"Four days ago I arranged to take my wife out and went to the safe to get the necklace for her. It was gone. It's tough luck on me because if I'd re-insured it for the extra amount, the company would have to pay me nearly fifty thousand instead of a measly fifteen; or, if I'd sold it at once, after the valuation, I should have got at least forty thousand."

Callaghan nodded. "It's not so good for you," he said. "By the way, I'm told that your secretary left you not long ago. I suppose it isn't possible that she might have taken the necklace? Did she know the safe combination?"

"I don't know," said Jerrington. "I've never told her what it was, but she's seen me open that safe so many times that it's a stone certainty that she must have learned the combination. However, I can't make myself believe that she'd do a thing like that. She'd been with me a long time." He hesitated; then he said: "Except for one thing—" He stopped talking suddenly; shrugged his shoulders.

Callaghan asked: "What thing?"

Jerrington smiled. "Oh well, I might as well get it off my chest. Marion Lanning was a very good-looking girl—a blonde. Quite beautiful, in fact. Well... some business friends of mine rather foolishly ribbed my wife about my secretary's looks."

Jerrington made a vague gesture. "They were only pulling her leg, of course," he said, "but unfortunately she took it seriously, and it made a little trouble between us. So I thought the easiest way out was to give Miss Lanning her notice. I did that two weeks ago. I gave her a cheque as a present, and we parted the best of friends."

Callaghan nodded. "I suppose there wasn't any truth in the joke your friends made about you and Miss Lanning?"

Jerrington grinned. "Well... not really," he said diffidently, "I suppose Marion and I flirted a bit now and again."

Callaghan lit a cigarette.

"Women do funny things," he said. "Do you suppose it's quite impossible that Marion Lanning, fed-up with your wife's being responsible for her getting the sack, took the necklace with her when she left. So as to get back at your wife?"

"I can't think it's possible," said Jerrington. "Of course, I couldn't swear it's not possible. Women can do the most extraordinary things."

Callaghan nodded. "Especially if they're jealous."

He got up; flicked the ash from his cigarette. He said:

"I think I'd better have a word with Miss Lanning. Do you know where she's to be found?"

"She used to live at St. John's Wood," said Jerrington. "But she told me when she left that she was moving. I don't think I asked her to leave the new address. There was no need."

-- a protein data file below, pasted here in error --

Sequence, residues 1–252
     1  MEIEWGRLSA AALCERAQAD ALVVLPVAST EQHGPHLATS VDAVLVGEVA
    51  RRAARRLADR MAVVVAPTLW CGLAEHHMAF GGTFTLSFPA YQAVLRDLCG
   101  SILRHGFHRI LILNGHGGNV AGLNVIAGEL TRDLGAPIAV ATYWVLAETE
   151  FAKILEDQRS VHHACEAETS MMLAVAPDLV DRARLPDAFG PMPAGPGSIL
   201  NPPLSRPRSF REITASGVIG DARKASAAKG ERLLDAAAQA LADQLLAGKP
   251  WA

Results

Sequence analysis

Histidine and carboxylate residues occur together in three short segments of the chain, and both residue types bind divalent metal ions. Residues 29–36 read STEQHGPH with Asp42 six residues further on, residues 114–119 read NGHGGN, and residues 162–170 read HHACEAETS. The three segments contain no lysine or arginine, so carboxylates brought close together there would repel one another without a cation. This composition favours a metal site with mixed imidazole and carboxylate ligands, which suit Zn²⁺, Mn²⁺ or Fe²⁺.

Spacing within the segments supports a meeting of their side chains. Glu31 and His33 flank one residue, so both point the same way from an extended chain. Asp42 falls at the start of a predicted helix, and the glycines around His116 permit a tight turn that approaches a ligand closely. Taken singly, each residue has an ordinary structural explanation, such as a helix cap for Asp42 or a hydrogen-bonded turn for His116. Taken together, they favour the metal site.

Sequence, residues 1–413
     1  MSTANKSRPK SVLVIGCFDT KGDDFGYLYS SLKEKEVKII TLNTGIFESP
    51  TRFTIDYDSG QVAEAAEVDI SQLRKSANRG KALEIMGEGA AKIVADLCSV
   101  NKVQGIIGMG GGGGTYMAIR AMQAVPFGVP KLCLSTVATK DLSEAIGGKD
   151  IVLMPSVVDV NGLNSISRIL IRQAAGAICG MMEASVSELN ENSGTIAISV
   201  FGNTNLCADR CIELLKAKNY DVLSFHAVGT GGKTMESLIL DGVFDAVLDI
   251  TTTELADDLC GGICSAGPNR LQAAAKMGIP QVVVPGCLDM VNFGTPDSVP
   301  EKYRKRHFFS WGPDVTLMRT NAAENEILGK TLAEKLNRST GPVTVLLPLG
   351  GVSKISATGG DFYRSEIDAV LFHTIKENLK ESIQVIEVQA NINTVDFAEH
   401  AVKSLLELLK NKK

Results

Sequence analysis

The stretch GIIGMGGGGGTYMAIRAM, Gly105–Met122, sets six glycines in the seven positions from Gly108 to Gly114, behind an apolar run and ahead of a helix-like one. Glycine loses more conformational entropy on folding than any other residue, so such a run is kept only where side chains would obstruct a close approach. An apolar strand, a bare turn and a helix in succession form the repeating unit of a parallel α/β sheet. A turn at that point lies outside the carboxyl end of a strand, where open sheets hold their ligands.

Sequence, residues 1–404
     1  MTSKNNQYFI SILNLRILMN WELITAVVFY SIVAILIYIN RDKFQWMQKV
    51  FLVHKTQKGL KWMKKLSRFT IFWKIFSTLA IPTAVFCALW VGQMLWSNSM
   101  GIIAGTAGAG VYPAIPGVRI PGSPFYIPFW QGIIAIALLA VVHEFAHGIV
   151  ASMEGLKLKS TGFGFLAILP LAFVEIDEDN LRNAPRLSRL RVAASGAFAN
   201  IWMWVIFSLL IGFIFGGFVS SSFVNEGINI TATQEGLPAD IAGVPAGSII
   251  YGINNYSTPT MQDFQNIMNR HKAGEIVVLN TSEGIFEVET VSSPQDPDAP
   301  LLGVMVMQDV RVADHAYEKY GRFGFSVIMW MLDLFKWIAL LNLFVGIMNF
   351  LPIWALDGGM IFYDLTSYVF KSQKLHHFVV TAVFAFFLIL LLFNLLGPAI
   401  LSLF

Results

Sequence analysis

Callaghan said: "It doesn't matter. I remember my assistant gave me her address—No. 11 Carfax Court, Hampstead. I'll go along and see her. Just a routine call. So as to clear every possible angle. Naturally, you want the claim paid as soon as possible."

"I do," said Jerrington. "My wife and I are leaving England in five days' time. I'd like everything to be settled before then. When do you think you can let me know about the payment?"

"The police have nothing to report—although they haven't had much time," Callaghan said. "Still... I'll go and see Miss Lanning at four thirty this afternoon. After I've seen her I'll get through to the Globe and International and give them my report on the telephone. As you're leaving, they'll probably pay the claim within the next two days with the proviso that if the necklace is recovered they will be entitled to any additional profit on the sale. That's the usual thing."

Jerrington said: "It's going to be tough if they pay me the fifteen thousand, and then the find the necklace and sell it for fifty thousand. Especially after all the insurance premiums I've paid on the darned thing."

Callaghan nodded. "But if the necklace doesn't turn up. you'll have the fifteen thousand, which is better in nothing."

He lit a fresh cigarette.

"I'll see Miss Lanning at four thirty and telephone the Company afterwards. Then, when I've spoken to them. I'll call you on the telephone and tell you when you can expect the cheque. How's that?"

Jerrington held out his hand.

"That's very kind of you," he said. "I'll be working late to-day, so you can get me any time up to eight o'clock tonight." He grinned at Callaghan. "Give my regards to Marion Lanning when you see her," he said.

Callaghan said he would. He went away.

JUST after four-thirty Callaghan stopped his car outside the apartment block at Hampstead.

He went in through he main entrance. An arrow on the wall opposite him informed him that the first corridor to the right led to Flats Nos. 1-20.